In the last six months, two percussion companies took a leap forward toward creating an all-around instrumental solution for the marching arts activities. Continuing its partnership with Adams Musical Instruments, Pearl Corporation announced the release of a new Adams Marching Brass line. Similarly, Tama formed a new relationship with Kanstul Musical Instruments to release co-branded marching brass products.
Pearl and Adams have been in partnership for more than 15 years, but at the Midwest Clinic in December 2012, Pearl announced its distribution of new Adams Marching Brass instruments.
Since 2005, Adams has had a high-end Custom Brass Series. Building on this success, the company developed a new marching line in hopes of creating a complete package of high-quality instruments.
“We really felt there was a need for a higher quality of horn that matched the high quality you find in the Adams front ensemble equipment and Pearl battery,” says Shawn Lafrenz, senior marketing manager at Pearl.
Every part of each instrument is designed, created and assembled in Thorn, Holland. “They make every part of the instruments from the ground up; that’s a consistency in the Adams story,” Lafrenz says.
In every effort, Adams focuses on being “performance elevated” and strives toward complete quality sound, Lafrenz says. “It is a refreshing approach to what many people see as a commodity product.”
Pearl and Adams hope to see the marching brass line used not only at the university level but also by drum corps.
Tama by Kanstul Marching Brass
In early 2013, Tama announced its new relationship with Kanstul to become the sole U.S. distributor of a lineup of marching brass instruments, branded as Tama by Kanstul Marching Brass.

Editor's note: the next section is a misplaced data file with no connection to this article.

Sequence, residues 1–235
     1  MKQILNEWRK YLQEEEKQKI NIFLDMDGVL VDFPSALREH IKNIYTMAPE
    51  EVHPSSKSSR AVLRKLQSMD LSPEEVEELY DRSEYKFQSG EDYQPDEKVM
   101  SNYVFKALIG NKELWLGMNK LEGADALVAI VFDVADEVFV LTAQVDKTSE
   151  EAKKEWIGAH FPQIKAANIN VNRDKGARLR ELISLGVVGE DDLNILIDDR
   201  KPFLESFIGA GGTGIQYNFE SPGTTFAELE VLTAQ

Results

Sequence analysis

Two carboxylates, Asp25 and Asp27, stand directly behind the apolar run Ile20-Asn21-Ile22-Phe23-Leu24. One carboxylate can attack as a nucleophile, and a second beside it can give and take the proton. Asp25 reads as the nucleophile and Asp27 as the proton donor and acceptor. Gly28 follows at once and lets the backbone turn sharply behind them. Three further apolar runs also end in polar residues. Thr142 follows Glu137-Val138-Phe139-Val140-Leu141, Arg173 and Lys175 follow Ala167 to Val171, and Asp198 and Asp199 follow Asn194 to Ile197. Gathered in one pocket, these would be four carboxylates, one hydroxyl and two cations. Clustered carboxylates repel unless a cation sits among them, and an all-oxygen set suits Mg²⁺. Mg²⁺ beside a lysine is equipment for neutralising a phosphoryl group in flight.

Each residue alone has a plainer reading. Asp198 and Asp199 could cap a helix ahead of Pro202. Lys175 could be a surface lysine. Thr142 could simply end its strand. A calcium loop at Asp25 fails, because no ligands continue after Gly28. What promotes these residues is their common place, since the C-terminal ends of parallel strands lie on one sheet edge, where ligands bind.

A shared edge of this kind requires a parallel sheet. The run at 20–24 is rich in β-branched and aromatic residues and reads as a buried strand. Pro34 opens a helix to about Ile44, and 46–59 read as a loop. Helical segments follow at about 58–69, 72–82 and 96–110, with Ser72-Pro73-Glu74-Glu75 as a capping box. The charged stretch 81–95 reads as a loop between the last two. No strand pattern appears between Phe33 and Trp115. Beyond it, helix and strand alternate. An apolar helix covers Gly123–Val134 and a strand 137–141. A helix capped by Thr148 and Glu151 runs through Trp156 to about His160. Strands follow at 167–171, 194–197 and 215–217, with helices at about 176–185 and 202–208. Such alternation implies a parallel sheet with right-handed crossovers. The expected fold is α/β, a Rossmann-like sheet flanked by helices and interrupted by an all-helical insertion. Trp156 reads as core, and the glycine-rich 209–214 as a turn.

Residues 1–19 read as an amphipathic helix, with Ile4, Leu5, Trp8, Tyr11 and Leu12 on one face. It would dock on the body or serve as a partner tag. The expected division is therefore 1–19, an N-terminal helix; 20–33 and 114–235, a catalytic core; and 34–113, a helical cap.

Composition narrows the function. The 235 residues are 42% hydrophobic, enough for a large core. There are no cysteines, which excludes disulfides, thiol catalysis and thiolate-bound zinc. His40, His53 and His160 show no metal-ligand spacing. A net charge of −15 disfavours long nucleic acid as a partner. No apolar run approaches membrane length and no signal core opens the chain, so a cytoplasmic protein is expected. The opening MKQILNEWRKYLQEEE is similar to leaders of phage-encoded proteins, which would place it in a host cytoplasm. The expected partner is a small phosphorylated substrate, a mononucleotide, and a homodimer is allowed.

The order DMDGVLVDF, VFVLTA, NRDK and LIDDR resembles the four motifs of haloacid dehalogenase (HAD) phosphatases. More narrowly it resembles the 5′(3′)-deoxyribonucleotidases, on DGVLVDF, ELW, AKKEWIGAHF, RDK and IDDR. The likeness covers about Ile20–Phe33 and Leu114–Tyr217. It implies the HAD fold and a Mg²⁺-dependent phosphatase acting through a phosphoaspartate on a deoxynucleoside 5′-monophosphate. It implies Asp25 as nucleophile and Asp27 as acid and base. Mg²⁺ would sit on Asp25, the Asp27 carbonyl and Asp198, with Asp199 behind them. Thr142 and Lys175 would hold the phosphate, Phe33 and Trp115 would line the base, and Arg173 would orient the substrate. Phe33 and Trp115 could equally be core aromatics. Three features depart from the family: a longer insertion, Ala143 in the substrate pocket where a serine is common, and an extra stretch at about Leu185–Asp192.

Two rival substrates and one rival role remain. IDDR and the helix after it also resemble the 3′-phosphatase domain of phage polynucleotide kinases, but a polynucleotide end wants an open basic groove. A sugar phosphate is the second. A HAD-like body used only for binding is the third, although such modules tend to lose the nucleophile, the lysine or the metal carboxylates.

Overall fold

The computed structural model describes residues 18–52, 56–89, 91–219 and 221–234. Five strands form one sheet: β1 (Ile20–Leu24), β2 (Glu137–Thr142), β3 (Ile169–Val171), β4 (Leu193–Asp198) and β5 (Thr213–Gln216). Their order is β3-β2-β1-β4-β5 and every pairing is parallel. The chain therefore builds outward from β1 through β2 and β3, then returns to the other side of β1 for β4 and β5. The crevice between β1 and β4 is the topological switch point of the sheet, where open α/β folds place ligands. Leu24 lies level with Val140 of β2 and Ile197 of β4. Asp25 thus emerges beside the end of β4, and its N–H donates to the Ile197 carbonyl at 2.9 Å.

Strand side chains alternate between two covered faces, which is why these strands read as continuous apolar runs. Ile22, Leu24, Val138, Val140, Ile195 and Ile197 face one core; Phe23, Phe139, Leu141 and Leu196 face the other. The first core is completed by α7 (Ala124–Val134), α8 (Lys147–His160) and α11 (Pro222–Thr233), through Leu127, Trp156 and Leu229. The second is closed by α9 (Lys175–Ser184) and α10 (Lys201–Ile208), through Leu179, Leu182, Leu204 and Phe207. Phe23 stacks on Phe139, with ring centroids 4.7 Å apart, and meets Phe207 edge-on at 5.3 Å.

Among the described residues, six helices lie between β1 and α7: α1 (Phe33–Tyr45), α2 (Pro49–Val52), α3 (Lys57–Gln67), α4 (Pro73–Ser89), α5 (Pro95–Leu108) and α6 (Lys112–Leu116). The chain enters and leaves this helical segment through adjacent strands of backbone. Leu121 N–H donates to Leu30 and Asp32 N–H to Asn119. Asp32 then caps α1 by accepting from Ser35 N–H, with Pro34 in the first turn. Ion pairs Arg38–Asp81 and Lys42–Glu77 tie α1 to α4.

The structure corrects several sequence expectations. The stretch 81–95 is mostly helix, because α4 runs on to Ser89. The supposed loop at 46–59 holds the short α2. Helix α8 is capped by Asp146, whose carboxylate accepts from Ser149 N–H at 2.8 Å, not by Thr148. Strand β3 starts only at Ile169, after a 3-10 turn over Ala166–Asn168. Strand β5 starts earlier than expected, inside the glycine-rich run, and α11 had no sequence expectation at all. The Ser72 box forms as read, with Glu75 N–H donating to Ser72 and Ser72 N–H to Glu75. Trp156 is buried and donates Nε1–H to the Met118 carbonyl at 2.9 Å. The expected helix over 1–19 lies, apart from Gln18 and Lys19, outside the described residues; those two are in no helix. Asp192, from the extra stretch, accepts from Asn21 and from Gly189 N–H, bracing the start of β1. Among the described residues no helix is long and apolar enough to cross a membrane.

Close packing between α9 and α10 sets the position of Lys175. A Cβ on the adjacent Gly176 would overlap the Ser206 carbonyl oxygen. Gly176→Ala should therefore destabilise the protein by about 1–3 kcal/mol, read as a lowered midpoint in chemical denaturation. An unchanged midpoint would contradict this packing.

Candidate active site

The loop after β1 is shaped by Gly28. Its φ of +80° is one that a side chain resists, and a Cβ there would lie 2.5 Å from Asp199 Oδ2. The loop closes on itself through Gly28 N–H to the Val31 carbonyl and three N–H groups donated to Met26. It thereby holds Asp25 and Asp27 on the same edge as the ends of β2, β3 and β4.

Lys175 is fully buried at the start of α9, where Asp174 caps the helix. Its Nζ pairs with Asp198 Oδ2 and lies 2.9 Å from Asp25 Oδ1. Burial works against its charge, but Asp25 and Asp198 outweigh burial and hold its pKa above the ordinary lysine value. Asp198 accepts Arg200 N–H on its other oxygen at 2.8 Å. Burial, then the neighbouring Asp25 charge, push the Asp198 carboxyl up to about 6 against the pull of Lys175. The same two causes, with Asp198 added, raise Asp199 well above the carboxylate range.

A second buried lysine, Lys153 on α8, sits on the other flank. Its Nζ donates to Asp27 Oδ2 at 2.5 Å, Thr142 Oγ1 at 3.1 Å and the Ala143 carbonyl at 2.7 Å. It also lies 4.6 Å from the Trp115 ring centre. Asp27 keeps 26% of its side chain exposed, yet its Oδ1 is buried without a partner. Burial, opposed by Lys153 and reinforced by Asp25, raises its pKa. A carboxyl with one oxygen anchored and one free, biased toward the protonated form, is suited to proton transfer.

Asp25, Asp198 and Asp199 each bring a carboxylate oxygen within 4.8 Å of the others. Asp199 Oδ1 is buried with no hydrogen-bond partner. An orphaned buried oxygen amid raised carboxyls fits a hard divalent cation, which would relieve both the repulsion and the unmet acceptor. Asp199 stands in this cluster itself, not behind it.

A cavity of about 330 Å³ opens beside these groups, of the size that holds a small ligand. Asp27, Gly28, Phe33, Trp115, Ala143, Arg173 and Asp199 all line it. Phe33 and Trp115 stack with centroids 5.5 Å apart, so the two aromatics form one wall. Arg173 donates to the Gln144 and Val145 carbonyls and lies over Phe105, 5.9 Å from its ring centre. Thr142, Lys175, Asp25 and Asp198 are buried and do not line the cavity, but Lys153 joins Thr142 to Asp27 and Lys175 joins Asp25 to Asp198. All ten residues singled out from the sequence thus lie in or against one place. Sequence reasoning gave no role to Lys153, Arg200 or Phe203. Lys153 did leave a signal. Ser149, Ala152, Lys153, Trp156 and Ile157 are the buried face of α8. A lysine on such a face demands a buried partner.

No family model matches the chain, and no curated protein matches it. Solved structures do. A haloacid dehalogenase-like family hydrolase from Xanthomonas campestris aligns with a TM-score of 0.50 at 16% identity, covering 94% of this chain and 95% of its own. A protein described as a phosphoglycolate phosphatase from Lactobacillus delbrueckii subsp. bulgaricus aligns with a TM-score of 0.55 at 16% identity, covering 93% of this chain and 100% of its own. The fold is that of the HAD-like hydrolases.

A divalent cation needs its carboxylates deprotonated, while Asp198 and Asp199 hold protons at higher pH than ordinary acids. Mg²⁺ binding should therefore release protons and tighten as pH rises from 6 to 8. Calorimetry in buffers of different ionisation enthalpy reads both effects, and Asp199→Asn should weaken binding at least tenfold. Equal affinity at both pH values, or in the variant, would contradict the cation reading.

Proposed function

Since 1981, Zig Kanstul has not only overseen Kanstul Musical Instruments in Anaheim, Calif., but he has been hands-on and deeply involved in the process of making the instruments.
“People wonder where Kanstul went,” says Tama product specialist Greg Flores. But, he says, they never went anywhere. Kanstul traditionally has not marketed its instruments, believing that the quality would speak for itself.
However, with the new partnership, Kanstul will benefit from Tama’s user-friendly website and marketing efforts. The website allows buyers to build their orders with drums and brass together. “Band directors will have a much easier time to go online and shop,” Flores says.
The Kanstul company has been impressed with Tama’s ability to market to the marching activity. “It’s been a long time since we’ve been a player in the marching band and drum corps community,” says Charles G. Hargett, Kanstul sales and marketing manager. “[Tama has] made such inroads in a short amount of time.”
With only minor updates since the original marching products were launched, “the Tama by Kanstul instruments are just the straight Kanstul designs, the tried-and-true,” Hargett says.
Both Tama and Kanstul agree that the companies will benefit from their similar ideals and complementary strengths. While Kanstul will focus on manufacturing, Tama will handle marketing and distribution. “[Tama is] a large company known for quality and no compromise,” Hargett says. “We’re known for those things too. So it’s really good to be associated with them.”
According to Flores, Tama hopes to create something all-inclusive, similar to The Blue Devils Drum and Bugle Corps’ System Blue, which is a mixture of products, educational live events and publishing.
Available instruments in both the Adams Marching Brass and Tama by Kanstul lines are the marching trumpet, baritone, French horn, euphonium, mellophone and tuba. Tama by Kanstul also offers the marching trombone. For more information, visit www.adamsmarchingbrass.com and www.tamamarching.com/Kanstul.